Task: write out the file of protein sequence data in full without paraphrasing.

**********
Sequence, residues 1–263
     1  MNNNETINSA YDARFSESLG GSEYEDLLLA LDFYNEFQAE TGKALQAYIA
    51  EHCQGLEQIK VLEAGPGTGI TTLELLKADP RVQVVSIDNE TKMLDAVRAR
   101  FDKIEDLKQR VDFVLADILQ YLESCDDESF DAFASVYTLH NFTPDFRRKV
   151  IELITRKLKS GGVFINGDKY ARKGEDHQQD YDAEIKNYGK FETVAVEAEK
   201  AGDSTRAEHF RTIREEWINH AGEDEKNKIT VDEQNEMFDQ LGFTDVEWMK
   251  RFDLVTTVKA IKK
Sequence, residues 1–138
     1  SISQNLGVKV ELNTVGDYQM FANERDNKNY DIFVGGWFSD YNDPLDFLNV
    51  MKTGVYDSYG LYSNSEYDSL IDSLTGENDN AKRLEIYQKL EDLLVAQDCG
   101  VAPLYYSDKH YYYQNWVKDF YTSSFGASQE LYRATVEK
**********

Sequence, residues 1–263
     1  MNNNETINSA YDARFSESLG GSEYEDLLLA LDFYNEFQAE TGKALQAYIA
    51  EHCQGLEQIK VLEAGPGTGI TTLELLKADP RVQVVSIDNE TKMLDAVRAR
   101  FDKIEDLKQR VDFVLADILQ YLESCDDESF DAFASVYTLH NFTPDFRRKV
   151  IELITRKLKS GGVFINGDKY ARKGEDHQQD YDAEIKNYGK FETVAVEAEK
   201  AGDSTRAEHF RTIREEWINH AGEDEKNKIT VDEQNEMFDQ LGFTDVEWMK
   251  RFDLVTTVKA IKK
Sequence, residues 1–138
     1  SISQNLGVKV ELNTVGDYQM FANERDNKNY DIFVGGWFSD YNDPLDFLNV
    51  MKTGVYDSYG LYSNSEYDSL IDSLTGENDN AKRLEIYQKL EDLLVAQDCG
   101  VAPLYYSDKH YYYQNWVKDF YTSSFGASQE LYRATVEK